The operators become ambassadors
I’m not about to pitch the Axis portfolio to you here and now, but let’s say that our cameras with edge capabilities are perfect sensors in Drishti’s applications, and as such we are Drishti’s exclusive camera provider. We will talk more about specific solutions in an upcoming article, backing it up with more customer experiences as well as application and business insights.
But surely, the operators can’t like all this, feeling watched over and controlled?
No, as a matter of fact, it turns out that this is not the case. On the contrary, according to Drishti’s surveys, the operators often become ambassadors for the model, which is probably not surprising when you think about it. It brings an element of objectivity and is a way for them to prove their worth in a world that is getting increasingly digital and automated. The collected data can also form a solid foundation for training and future competence upskilling, benefitting both the operators and the company.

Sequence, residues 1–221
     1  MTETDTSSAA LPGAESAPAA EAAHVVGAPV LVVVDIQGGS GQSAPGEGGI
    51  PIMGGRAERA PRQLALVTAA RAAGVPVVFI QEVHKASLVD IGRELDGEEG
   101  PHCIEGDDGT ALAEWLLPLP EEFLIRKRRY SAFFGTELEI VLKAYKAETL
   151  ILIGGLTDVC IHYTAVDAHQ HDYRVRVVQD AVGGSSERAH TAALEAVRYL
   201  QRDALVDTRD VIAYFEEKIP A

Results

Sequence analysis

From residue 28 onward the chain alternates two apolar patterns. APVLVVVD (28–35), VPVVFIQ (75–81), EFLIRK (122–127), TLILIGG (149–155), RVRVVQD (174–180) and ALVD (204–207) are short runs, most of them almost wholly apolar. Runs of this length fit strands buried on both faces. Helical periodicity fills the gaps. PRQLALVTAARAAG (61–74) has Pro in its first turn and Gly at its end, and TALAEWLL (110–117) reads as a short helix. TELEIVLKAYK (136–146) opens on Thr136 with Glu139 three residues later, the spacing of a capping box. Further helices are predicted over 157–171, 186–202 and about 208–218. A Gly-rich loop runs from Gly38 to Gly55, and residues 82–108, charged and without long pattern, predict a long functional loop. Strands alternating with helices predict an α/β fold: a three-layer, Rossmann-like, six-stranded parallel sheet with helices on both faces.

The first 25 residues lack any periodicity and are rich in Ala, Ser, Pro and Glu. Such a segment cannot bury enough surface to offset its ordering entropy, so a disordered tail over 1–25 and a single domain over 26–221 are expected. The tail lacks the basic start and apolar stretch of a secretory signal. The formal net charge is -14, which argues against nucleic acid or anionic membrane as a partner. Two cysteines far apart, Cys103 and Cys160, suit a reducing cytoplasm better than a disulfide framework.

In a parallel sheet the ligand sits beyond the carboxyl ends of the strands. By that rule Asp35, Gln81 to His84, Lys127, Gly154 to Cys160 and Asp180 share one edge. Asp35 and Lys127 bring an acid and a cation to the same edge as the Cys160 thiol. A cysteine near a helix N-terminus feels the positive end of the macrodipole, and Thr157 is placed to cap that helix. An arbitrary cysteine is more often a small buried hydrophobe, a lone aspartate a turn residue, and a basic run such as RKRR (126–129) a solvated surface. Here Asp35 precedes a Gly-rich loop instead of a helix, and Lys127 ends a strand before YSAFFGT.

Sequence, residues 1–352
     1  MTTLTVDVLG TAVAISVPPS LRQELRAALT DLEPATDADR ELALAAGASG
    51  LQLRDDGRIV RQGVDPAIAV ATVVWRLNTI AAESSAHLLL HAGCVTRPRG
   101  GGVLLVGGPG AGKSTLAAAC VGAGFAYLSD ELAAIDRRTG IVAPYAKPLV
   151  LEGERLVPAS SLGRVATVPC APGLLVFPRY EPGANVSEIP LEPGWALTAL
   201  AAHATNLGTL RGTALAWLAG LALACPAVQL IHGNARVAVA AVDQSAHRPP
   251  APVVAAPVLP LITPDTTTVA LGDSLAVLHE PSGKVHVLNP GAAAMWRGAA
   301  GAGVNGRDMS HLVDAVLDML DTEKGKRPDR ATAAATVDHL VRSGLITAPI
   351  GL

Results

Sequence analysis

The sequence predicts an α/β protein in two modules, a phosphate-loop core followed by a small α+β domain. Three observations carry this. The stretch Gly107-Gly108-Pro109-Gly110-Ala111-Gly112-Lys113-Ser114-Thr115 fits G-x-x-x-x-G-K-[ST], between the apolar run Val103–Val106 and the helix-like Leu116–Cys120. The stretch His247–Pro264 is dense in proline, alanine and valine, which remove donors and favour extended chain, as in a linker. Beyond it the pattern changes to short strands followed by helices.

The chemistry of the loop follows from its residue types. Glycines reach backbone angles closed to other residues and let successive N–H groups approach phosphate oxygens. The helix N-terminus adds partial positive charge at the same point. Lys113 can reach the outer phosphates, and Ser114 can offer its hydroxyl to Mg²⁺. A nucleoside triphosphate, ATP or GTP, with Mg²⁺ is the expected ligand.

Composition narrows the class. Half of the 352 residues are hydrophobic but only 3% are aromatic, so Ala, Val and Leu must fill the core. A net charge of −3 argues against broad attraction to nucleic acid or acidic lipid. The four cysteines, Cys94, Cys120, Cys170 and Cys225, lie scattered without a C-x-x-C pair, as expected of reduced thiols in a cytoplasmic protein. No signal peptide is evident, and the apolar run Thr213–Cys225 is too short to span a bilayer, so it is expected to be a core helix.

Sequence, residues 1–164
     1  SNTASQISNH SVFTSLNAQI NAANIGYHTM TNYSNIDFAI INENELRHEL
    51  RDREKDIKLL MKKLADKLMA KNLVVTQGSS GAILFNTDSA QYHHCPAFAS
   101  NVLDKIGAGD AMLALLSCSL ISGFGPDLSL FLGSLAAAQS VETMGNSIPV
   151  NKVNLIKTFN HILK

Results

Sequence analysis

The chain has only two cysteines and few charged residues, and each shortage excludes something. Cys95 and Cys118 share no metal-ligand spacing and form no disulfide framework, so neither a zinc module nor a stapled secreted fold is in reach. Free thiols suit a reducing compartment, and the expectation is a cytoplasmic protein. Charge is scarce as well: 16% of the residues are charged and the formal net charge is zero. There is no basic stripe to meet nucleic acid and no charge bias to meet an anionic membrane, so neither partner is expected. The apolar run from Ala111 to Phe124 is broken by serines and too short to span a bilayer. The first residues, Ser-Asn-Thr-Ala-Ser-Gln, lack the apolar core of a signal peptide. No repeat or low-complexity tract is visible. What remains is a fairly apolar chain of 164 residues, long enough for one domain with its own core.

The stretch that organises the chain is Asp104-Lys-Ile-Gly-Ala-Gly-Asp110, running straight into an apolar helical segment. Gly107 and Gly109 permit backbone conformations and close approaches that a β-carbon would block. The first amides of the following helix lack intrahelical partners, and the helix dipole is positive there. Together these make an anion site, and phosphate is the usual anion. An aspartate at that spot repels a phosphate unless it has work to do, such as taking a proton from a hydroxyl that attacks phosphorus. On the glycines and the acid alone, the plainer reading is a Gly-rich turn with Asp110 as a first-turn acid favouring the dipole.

But of course, using Drishti’s services, it is crucial to guarantee GDPR compliance and operator privacy in the video streams. So, it is a primary customer concern. Here, Drishti got help from a partner – yes, you guessed it – where the installed cameras carry privacy-masking software. This solution operates in real-time and without affecting the quality or functionality of the video footage.
Massive amount of data
As you can imagine, Drishti’s services amass vast amounts of bytes. All these hundreds of thousands of hours of video and data need to be streamed, analyzed, and stored. In the upcoming article, we will discuss how Axis compression technology keeps these enormous data volumes manageable.
I’m looking forward to describing in more detail how these solutions work and how Axis solutions help make Drishti’s services improve productivity and quality in manual assembly production. So please keep your eyes open because I’m sure that it will be interesting. Especially if you are working with lean processes in the manufacturing industry and manual assembly is a vital part of your operation.